Adult bed bugs are flat, oval (similar in shape to a small apple seed), about 1/5” long, wingless, and rusty red or mahogany, once they have had a blood meal. Their bodies are flattened, and the males have a more rounded shape, while females are more slender in profile.  Bed Bugs go through 5 nymphal stages and are very similar to adults, except the smaller size (1/20 –1/5 inch), and a pale-yellowish color.  The five progressive stages require at least one blood feeding before molting to the next level. The entire cycle from egg to adult requires from five weeks to four months, depending on the availability of a blood feeding and temperature. The ideal temperature for rapid development is between 70° and 82°F.

Females lay two to five tiny (1/20 inch) white eggs per day close to their host’s resting places.  They prefer rough natural surfaces like paper or wood, but will even lay on metal bed frames in heavy infestations.  Bed Bugs lay 200 to 500 eggs in their life.  A sticky coating covers the eggs, and at room temperature will hatch in about 10 to 15 days.  The empty hatched shells often remain glued in place.  A single pregnant female exposed to your home in January can multiply to more than 30,000 by June.

Bed Bugs generally feed at night and return to dark cracks and crevices during the day.  Hungry bugs can feed any time hosts are nearby and sedentary, but strongly prefer the dark. Bed Bugs are usually found hiding within 8 feet or less of their feeding area.  This can be a bed, sofa, upholstered chair, and even a computer desk where it can be dark and the victim is sedentary.  Bed Bugs hide in cracks and joints of box springs, wooden bed frames and headboards.  They will hide in the seams and tufts of the mattress, under the covers, and the seams of bed spreads.  They can also be found between baseboard, in picture frames and even loose wall paper seams.  Bed Bugs will hide almost anywhere including plastics and electronics but prefer natural materials like wood, paper or fabrics. Bed bugs can go without feeding for 20 to 400 days, depending on temperature and humidity. Older stages of nymphs can survive longer without feeding than younger ones, and adults have survived without food for more than 400 days in the laboratory at low temperatures. Adults may live up to one year or more, and there can be up to four successive generations per year.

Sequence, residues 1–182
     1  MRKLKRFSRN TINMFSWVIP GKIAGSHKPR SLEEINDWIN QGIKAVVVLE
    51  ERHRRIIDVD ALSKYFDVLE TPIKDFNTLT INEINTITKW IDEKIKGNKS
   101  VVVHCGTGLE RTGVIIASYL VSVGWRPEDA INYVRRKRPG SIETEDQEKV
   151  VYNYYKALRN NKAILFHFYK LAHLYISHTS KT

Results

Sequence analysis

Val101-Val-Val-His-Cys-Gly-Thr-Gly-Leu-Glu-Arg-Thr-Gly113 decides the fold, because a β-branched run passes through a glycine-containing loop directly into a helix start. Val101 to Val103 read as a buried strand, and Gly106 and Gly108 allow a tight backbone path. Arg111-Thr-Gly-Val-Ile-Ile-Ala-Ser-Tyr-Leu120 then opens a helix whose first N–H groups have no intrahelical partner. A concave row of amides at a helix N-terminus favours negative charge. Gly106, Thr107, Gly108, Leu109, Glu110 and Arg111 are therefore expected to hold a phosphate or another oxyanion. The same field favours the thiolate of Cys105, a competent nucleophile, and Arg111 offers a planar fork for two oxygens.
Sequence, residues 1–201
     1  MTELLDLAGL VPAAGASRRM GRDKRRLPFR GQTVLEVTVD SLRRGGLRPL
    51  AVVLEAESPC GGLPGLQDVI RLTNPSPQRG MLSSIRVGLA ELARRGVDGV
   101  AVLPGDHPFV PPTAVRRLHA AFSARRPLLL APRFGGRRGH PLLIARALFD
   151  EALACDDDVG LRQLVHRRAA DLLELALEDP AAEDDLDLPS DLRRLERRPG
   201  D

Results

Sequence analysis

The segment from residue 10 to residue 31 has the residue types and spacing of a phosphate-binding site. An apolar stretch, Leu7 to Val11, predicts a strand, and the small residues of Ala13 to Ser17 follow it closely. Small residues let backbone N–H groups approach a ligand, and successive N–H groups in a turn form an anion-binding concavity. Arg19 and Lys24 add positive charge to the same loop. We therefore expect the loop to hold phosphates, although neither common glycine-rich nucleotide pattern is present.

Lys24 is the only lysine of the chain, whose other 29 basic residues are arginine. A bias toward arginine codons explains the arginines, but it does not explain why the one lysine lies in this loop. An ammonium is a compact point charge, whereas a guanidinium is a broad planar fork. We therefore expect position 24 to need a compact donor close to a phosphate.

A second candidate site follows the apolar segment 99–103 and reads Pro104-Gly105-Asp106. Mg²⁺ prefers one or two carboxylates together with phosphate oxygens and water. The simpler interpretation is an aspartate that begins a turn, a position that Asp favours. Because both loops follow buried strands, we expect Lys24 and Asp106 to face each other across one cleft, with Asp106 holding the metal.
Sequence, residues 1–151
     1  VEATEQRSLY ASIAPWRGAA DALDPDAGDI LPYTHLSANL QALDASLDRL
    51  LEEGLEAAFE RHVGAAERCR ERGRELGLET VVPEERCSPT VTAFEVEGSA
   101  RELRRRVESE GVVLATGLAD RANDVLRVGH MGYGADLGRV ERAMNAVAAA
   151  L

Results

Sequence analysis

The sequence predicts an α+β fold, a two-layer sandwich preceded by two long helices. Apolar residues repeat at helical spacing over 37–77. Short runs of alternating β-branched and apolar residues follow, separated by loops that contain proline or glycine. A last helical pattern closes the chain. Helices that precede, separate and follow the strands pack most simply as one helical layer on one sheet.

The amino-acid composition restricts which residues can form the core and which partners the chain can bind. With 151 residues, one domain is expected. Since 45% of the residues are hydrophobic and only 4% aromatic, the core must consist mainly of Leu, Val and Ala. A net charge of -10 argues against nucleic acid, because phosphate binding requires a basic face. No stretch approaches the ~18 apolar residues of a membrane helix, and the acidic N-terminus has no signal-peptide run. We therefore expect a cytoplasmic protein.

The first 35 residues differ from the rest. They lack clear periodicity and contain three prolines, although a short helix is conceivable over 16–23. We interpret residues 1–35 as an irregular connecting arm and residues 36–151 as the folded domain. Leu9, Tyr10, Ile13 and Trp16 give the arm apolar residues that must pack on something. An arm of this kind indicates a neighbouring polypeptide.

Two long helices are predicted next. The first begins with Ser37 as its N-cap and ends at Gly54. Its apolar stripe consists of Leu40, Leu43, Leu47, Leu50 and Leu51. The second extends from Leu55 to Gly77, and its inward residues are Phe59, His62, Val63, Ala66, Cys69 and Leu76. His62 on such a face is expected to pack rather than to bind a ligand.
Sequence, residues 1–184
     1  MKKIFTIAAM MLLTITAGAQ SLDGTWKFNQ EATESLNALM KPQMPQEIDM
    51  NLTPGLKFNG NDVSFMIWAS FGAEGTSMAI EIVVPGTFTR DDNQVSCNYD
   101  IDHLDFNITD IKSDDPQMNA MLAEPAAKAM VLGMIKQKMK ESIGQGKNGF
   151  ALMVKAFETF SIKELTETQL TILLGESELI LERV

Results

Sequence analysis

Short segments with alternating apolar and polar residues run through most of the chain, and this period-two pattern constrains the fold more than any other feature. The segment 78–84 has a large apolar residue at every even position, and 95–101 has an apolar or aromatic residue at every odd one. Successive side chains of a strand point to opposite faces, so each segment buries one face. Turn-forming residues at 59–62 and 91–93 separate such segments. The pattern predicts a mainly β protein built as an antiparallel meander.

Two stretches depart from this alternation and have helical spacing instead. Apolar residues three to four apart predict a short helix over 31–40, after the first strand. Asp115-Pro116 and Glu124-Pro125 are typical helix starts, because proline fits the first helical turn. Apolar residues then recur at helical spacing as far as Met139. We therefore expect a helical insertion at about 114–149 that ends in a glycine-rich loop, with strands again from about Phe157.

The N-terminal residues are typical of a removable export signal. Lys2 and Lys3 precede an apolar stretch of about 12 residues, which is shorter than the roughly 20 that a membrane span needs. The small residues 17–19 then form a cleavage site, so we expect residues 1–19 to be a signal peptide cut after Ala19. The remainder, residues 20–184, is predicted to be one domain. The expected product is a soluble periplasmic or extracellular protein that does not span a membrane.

Bed Bugs are easily transferrable and may be picked up in theaters, hotel rooms, or on buses, taxis and trains. People can also bring bed bugs into their home on infested clothing, bedding, books, furniture, luggage, and even house guest.


Bed Bugs feed by piercing the skin and can consume six times their body weight in blood. During the feeding process which takes three to ten minutes, saliva and a natural anesthetic is injected.  These two injections are why you don’t feel the feeding and why some people have an allergic reaction, and may take a day or two to manifest.  The allergic reaction is usually dermal reactions such as large itchy, red swellings on the skin. The bumps may become very irritated and infected when scratched.  Swelling may not develop until a day or more after feeding, and some people show no symptoms at all. Bed bugs have not been shown to transmit human disease, but studies are being conducted to determine the transmission of Hepatitis C; however it is too soon for any conclusions to be made.

The emotional stress, lack of sleep, money and time spent are all added damage and cost from Bed Bugs.  Bed bugs leave dark reddish brown fecal spots on bedding, mattresses and other infestation areas.  There is also a sweet unpleasant smell that is present in larger infestations.

Distinguishing bed bug bites from the bites of mosquitoes, spiders, or fleas can be very difficult. Mosquitos or spiders are often blamed for bed bug bites. Bed Bug bites are often in a line, as they look for the ideal feeding spot. The only way you can really confirm bed bugs as the cause is to find the bugs or their signs in your bed, bedroom or furniture

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